15 Dec 2014

Tom Woods and I Dissect an Article Complaining About Cheap Gas

Oil, Shameless Self-Promotion, Tom Woods 6 Comments

For your listening convenience I’ve embedded the video below, but go to Tom’s show notes for all the relevant links, both to the offending article and to the other information Tom and I brought up during the interview.

6 Responses to “Tom Woods and I Dissect an Article Complaining About Cheap Gas”

  1. Enopoletus Harding says:

    I miss the days of $1.60 per gallon gasoline back in late 2008. Those days were so good (at least, for me, not for those getting laid off). I felt my real income rising every day.

  2. Enopoletus Harding says:

    Currently in Japan: $6/gallon; Turkey: $8/gallon; Italy: $9.50/gallon; Norway pays more than $10 a gallon, and they’re one of the happiest nations on Earth

    -Rule #1 in welfare economics: in a Friedmanite floating currency system, prevailing exchange rates have no relevance to welfare. All these places have hugely overvalued nominal current-dollar GDPs per capita.

    • Enopoletus Harding says:

      That SFGate article is surely 100% clickbait; no one with more than two nerve cells could take it seriously as a work of fact.

      • Enopoletus Harding says:

        Ha! From a comment there:

        Ever been to Norway? Besides $10 gas, they have free, top quality education for all, including graduate programs, free healthcare, low crime, few illegals, few regressive types, and few of the other societal ills found in the “you’re-on-your-own” soceity.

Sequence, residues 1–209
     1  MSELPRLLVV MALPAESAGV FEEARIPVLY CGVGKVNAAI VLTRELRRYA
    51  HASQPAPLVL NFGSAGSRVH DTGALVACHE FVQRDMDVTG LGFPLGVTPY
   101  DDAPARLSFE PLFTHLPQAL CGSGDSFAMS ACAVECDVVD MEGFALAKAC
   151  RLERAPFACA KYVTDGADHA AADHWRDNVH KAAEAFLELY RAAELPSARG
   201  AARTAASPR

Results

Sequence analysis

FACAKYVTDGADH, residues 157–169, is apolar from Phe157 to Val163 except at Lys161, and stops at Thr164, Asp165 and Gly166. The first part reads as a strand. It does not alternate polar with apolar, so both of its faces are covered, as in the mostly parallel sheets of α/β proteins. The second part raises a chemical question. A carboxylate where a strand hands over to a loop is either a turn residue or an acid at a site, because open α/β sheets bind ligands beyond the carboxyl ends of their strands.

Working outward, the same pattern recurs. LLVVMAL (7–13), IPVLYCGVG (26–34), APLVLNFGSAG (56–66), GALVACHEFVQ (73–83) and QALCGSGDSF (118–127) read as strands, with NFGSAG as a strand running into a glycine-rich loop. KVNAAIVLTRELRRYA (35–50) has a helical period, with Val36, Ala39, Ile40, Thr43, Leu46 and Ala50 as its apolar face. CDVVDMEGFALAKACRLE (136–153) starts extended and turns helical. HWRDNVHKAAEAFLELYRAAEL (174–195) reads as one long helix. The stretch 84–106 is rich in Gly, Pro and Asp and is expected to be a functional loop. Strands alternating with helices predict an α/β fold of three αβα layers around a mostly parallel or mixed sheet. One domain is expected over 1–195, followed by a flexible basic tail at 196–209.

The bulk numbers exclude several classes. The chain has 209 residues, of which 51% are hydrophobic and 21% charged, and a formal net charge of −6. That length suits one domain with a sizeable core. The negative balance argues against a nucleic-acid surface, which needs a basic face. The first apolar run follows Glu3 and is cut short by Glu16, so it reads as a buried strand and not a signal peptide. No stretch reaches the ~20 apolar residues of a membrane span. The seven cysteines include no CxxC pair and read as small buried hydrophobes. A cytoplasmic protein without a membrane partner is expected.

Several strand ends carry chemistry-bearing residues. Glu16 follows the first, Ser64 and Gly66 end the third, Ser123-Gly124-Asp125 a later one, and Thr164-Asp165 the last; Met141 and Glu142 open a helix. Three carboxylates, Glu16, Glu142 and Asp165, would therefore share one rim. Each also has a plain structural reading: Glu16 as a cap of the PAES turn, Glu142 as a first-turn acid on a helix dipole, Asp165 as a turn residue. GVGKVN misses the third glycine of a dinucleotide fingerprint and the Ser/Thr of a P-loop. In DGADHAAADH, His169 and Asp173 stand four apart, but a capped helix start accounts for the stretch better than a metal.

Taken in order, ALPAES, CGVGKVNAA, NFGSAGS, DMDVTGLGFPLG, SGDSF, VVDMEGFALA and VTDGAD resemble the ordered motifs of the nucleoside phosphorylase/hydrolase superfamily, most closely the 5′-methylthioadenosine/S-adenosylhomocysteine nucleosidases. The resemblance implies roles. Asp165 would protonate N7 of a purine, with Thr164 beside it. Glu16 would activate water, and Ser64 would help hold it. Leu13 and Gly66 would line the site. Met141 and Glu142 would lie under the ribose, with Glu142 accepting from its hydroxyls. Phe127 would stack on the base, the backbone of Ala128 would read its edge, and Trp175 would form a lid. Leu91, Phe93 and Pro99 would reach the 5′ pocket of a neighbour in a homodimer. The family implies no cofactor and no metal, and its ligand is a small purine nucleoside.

-Brought to you by Statoil. Also, kinda hard to have illegals when not an E.U. member and surrounded entirely by ice and sea.

    • Jan Masek says:

      I am not sure if it is apples to apples. UK gallon is bigger than US gallon and gas quality is generally higher in Europe, I think. The same car should have quite significantly lower consumption on Europe gasoline (I think).

  3. Tel says:

    Good stuff, Tom Woods and Bob Murphy make a great team. If you want to set your sights a bit higher than beating up tree hugging yoga teachers, the same ideas are better articulated in other (less populist) articles.

    The Darwin Economy: Liberty, Competition, and the Common Good

    Robert H. Frank

    He covers things like how to calculate the size of externalities, in a way that might handwavingly be considered market pricing. Also what “common good” might even mean in an objective sense. It’s all wrong on many levels, but at least you can figure out where some of these ideas are coming from rather than just get struck by how incoherent it all is.

    If you feel debased by buying a book such as this and hence supporting the guy, I have an old copy kicking around I can donate to some institute where students might see it.

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